Why Is The Government Involved With Microsoft?
By Pierre Thomas/CNN
WASHINGTON (May 13) -- A superstar in the computer world, Bill Gates, head of software giant Microsoft, is in a showdown with Attorney General Janet Reno.
On Friday Microsoft was set to ship its newest product, Windows 98. The company said it would hold off on that, while last-ditch negotiations with the Justice Department continued.
But the Justice Department and several states are still considering filing lawsuits, claiming a broad pattern of anti-competitive practices, which could sidetrack the updated operating system's release.
Microsoft has vowed to fight. And Gates has a warning: "Any government action that would delay or derail Windows 98 would hurt the American economy and would cost American jobs."
That argument hasn't swayed Justice investigators, who are looking into whether Microsoft is exercising too much power in two arenas Americans are increasingly reliant on: computers and the Internet.
Justice attorneys argue Microsoft, which controls more than 90 percent of the computer operating software market, is using illegal tactics to maintain a monopoly.
It's a violation of U.S. anti-trust law for a company with an overwhelming share of a market to use its power to hurt competitors so it can maintain or extend its dominant position.
And some at Justice believe Microsoft used its monopoly to control another field, the so-called browser market, the software that lets computer users view pages on the Web. Think of the browser as the gateway to the Internet, the country's new information and economic frontier.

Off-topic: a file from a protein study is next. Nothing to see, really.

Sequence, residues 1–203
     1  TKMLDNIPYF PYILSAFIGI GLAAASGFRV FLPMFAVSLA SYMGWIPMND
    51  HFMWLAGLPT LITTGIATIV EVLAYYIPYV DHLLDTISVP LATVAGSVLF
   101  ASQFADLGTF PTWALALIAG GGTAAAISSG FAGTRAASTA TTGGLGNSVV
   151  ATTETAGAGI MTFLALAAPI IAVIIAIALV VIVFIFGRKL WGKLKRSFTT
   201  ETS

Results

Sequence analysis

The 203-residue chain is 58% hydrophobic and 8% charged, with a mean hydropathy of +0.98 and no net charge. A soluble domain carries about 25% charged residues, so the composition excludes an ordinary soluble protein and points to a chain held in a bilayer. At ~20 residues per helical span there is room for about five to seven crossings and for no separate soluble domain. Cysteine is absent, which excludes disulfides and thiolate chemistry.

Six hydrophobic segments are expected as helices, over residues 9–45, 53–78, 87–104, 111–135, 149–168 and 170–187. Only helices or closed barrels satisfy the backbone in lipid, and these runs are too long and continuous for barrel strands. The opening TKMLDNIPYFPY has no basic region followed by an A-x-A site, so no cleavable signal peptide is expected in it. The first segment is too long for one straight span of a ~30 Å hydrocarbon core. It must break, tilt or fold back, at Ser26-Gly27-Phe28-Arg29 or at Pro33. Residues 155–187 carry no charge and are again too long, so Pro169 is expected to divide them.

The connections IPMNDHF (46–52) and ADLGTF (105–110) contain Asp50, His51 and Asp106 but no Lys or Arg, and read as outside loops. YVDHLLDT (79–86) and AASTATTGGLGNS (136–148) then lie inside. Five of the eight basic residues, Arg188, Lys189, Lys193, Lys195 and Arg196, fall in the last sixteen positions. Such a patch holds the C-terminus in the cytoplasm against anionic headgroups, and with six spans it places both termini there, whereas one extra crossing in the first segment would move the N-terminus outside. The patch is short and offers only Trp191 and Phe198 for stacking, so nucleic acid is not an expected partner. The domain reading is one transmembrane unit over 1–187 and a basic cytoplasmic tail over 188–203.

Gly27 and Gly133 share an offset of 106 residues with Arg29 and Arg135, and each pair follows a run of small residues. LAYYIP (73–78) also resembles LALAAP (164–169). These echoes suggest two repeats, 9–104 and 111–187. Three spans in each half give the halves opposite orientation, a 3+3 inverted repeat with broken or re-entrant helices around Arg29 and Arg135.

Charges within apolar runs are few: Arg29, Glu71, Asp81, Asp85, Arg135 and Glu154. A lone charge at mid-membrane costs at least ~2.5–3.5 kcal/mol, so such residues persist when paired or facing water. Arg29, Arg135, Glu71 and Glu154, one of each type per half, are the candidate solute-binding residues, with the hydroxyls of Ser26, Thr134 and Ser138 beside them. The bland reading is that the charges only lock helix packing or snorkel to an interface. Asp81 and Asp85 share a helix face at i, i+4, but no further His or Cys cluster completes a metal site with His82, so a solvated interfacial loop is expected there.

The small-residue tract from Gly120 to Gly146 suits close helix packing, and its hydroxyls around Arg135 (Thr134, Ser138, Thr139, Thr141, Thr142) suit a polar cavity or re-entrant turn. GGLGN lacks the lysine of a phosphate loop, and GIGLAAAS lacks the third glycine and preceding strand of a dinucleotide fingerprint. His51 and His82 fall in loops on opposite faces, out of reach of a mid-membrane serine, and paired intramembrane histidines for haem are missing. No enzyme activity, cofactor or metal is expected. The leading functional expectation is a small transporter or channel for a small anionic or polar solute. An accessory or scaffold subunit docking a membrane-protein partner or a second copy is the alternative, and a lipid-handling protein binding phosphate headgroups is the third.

At a congressional hearing a Microsoft competitor explained what's at risk.
Sun Microsystems CEO Scott McNealy said, "Microsoft has the power today to exercise predatory and exclusionary control over the very means by which we access this Internet. It's a lot like General Motors having the ability to dictate what gasoline you put in your car."
But what has Microsoft allegedly done wrong?
Much of the Justice investigation has focused on Microsoft's competition with Netscape, Microsoft's chief competitor in the browser market.
The Justice probe asks these questions:
- Is Microsoft illegally tying its browser to its Windows software to kill Netscape and other browser competitors?
- Did Microsoft offer its browser free to computer makers to undermine Netscape?
- Did Microsoft try to force computer makers into signing contracts requiring them to install only the Microsoft browser?
Microsoft says it's no monopoly, but an innovative company making access to the Internet just one click away.
Experts say don't expect a last minute compromise. Anti-trust expert John Gardner told CNN, "The Justice Department and Microsoft have drawn a line in the sand."
Justice sources say what is at stake is the public's access to the emerging cyberspace economy.